Sometimes, people will engage in veganism as a way to mask their eating disorder and belong to a community in which dietary restriction is accepted.
Some people also report choosing veganism as a way to feel “more in control”. Most people with eating disorders have tried different ways of eating (low carb, keto, gluten- or sugar-free, etc). Veganism is often just another manifestation of the eating disorder, but that certainly doesn’t make it the cause.
Note, however, that this isn’t the case for everyone. Each person’s reasons for being vegan are unique. All in all, you need to reflect deeply and honestly about your reasons for following a vegan diet. If you are doing so exclusively for the animals, then you can certainly fully recover from your eating disorder on a vegan diet.
But if your veganism is intertwined with some desire to lose weight, change your appearance, and exude control over your life, I suggest you consider putting veganism on the back burner during your recovery.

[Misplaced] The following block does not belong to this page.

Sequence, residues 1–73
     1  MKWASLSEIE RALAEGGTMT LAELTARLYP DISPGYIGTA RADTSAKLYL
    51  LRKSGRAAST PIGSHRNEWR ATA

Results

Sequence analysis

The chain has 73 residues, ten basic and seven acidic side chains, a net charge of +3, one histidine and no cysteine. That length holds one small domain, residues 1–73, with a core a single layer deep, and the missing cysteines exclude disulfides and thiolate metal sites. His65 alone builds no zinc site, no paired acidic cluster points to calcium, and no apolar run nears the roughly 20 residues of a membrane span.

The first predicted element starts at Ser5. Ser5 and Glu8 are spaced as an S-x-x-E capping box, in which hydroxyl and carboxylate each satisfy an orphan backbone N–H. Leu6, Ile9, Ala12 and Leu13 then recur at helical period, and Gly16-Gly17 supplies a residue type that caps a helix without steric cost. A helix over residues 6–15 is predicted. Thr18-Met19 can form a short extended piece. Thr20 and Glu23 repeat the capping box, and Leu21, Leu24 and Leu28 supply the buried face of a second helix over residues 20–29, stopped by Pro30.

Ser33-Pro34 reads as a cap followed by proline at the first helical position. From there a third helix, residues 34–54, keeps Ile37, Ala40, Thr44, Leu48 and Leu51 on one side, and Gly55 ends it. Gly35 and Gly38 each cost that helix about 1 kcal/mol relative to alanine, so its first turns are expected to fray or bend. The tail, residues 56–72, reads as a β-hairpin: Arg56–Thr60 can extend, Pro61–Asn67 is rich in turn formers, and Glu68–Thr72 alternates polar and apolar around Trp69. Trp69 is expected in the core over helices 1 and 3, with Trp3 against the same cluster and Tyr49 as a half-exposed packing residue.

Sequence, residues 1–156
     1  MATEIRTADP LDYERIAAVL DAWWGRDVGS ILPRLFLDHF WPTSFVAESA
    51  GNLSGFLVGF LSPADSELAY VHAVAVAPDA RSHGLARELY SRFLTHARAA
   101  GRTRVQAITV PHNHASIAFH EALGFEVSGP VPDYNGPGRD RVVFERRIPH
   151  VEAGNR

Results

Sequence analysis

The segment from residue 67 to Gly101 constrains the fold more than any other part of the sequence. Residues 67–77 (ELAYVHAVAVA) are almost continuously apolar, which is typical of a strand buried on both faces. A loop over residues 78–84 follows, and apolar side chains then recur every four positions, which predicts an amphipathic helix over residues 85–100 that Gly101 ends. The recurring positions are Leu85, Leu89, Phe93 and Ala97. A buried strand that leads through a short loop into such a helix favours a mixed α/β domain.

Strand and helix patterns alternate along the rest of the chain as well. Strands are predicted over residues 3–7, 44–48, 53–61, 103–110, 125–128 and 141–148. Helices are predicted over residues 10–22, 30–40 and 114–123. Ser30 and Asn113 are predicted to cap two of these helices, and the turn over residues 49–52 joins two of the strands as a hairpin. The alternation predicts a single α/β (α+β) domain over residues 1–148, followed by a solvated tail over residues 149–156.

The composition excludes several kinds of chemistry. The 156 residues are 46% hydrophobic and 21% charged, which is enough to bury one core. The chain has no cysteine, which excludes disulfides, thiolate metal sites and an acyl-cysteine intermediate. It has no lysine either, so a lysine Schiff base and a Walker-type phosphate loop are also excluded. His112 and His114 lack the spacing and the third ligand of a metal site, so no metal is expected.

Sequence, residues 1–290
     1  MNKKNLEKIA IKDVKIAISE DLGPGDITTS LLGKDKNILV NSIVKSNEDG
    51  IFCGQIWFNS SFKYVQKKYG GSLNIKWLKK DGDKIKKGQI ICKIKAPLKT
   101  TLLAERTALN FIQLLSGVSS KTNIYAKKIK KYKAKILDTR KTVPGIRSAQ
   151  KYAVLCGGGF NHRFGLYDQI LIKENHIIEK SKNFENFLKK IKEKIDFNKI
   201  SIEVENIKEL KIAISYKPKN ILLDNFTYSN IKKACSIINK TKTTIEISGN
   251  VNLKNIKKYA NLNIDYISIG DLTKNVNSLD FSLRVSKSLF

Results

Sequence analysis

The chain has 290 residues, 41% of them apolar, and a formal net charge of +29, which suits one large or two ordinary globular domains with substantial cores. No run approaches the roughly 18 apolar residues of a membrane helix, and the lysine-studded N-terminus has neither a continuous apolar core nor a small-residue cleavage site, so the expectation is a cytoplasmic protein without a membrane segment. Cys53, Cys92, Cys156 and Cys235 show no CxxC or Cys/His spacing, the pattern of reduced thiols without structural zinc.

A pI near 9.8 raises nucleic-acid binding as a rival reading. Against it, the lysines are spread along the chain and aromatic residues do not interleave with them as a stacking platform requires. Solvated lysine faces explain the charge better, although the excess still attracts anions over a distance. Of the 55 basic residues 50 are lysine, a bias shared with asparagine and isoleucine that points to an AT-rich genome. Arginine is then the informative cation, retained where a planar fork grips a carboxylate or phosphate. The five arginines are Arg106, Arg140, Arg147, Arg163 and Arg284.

There is no easy answer to this complex question – you need to do the work and reflect on your values. It’s totally okay to prioritize yourself and put yourself first in this challenging time.
Vegan anorexia recovery
Recovery from anorexia is possible. It is not easy – but it is so worth it.
Once free from vegan anorexia, you’ll be able to experience food and mealtimes as pleasurable experiences. Your brain will notice taste, fullness, and satisfaction.
The noisy brain
A person with vegan anorexia can experience food and mealtimes as stressful. A lot of my patients describe having a “noisy brain” while eating. This noisy brain is characterized by a rush of disjointed words and degrading thoughts.